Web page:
Document Detail


Right Ventricular Dilatation on Bedside Echocardiography Performed by Emergency Physicians Aids in the Diagnosis of Pulmonary Embolism.
MedLine Citation:
PMID:  24075286     Owner:  NLM     Status:  Publisher    
Abstract/OtherAbstract:
STUDY OBJECTIVE: The objective of this study was to determine the diagnostic performance of right ventricular dilatation identified by emergency physicians on bedside echocardiography in patients with a suspected or confirmed pulmonary embolism. The secondary objective included an exploratory analysis of the predictive value of a subgroup of findings associated with advanced right ventricular dysfunction (right ventricular hypokinesis, paradoxical septal motion, McConnell's sign).
METHODS: This was a prospective observational study using a convenience sample of patients with suspected (moderate to high pretest probability) or confirmed pulmonary embolism. Participants had bedside echocardiography evaluating for right ventricular dilatation (defined as right ventricular to left ventricular ratio greater than 1:1) and right ventricular dysfunction (right ventricular hypokinesis, paradoxical septal motion, or McConnell's sign). The patient's medical records were reviewed for the final reading on all imaging, disposition, hospital length of stay, 30-day inhospital mortality, and discharge diagnosis.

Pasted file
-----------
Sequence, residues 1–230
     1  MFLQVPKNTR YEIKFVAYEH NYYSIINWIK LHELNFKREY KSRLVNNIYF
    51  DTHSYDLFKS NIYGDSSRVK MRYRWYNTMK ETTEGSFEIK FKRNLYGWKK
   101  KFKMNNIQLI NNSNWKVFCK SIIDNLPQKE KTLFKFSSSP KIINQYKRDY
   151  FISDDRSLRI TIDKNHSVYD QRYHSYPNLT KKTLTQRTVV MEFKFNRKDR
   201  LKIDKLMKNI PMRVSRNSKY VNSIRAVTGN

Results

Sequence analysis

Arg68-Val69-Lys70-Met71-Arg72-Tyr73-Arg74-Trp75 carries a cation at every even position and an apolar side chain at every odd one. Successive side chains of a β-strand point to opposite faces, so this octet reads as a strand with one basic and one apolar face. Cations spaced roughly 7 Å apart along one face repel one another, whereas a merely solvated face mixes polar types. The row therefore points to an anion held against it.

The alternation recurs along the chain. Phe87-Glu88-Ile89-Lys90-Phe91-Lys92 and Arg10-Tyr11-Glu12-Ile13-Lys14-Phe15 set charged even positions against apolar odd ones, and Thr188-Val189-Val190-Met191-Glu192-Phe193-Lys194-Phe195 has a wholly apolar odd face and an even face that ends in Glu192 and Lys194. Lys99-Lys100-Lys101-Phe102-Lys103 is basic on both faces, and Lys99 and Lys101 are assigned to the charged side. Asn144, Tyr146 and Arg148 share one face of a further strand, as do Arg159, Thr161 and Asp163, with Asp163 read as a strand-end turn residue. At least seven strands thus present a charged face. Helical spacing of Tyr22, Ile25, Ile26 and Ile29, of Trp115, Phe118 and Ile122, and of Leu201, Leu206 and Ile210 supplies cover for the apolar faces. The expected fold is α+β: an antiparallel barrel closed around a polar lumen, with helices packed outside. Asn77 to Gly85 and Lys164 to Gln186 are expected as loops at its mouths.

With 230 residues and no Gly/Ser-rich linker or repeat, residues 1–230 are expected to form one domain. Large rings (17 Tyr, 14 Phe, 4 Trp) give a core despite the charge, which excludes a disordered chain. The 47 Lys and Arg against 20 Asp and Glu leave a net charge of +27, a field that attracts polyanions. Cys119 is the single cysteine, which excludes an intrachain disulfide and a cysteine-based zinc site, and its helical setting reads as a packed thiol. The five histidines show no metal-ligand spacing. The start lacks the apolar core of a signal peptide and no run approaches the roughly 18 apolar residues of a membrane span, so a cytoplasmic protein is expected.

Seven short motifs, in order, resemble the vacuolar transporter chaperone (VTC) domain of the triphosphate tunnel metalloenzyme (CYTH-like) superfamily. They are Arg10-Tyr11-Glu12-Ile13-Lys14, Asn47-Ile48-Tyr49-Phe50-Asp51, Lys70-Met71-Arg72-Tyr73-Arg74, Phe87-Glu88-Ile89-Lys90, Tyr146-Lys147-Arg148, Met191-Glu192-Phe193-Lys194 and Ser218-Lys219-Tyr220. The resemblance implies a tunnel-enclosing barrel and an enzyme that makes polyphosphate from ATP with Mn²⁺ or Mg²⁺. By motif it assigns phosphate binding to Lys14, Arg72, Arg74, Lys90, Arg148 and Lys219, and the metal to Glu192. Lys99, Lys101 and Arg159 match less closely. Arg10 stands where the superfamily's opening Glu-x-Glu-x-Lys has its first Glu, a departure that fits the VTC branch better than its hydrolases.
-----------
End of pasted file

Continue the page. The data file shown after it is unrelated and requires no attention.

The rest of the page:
RESULTS: Thirty of 146 patients had a pulmonary embolism. Right ventricular dilatation on echocardiography had a sensitivity of 50% (95% confidence interval [CI] 32% to 68%), a specificity of 98% (95% CI 95% to 100%), a positive predictive value of 88% (95% CI 66% to 100%), and a negative predictive value of 88% (95% CI 83% to 94%). Positive and negative likelihood ratios were determined to be 29 (95% CI 6.1% to 64%) and 0.51 (95% CI 0.4% to 0.7%), respectively. Ten of 11 patients with right ventricular hypokinesis had a pulmonary embolism. All 6 patients with McConnell's sign and all 8 patients with paradoxical septal motion had a diagnosis of pulmonary embolism. There was a 96% observed agreement between coinvestigators and principal investigator interpretation of images obtained and recorded.
CONCLUSION: Right ventricular dilatation and right ventricular dysfunction identified on emergency physician performed echocardiography were found to be highly specific for pulmonary embolism but had poor sensitivity. Bedside echocardiography is a useful tool that can be incorporated into the algorithm of patients with a moderate to high pretest probability of pulmonary embolism.
Authors:
Scott Dresden; Patricia Mitchell; Layla Rahimi; Megan Leo; Julia Rubin-Smith; Salma Bibi; Laura White; Breanne Langlois; Alison Sullivan; Kristin Carmody
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Publication Detail:
Type:  JOURNAL ARTICLE     Date:  2013-9-23
Journal Detail:
Title:  Annals of emergency medicine     Volume:  -     ISSN:  1097-6760     ISO Abbreviation:  Ann Emerg Med     Publication Date:  2013 Sep 
Date Detail:
Created Date:  2013-9-30     Completed Date:  -     Revised Date:  -    
Medline Journal Info:
Nlm Unique ID:  8002646     Medline TA:  Ann Emerg Med     Country:  -    
Other Details:
Languages:  ENG     Pagination:  -     Citation Subset:  -    
Copyright Information:
Copyright © 2013 American College of Emergency Physicians. Published by Mosby, Inc. All rights reserved.
Affiliation:
Northwestern University Feinberg School of Medicine, Department of Emergency Medicine, Chicago, IL.
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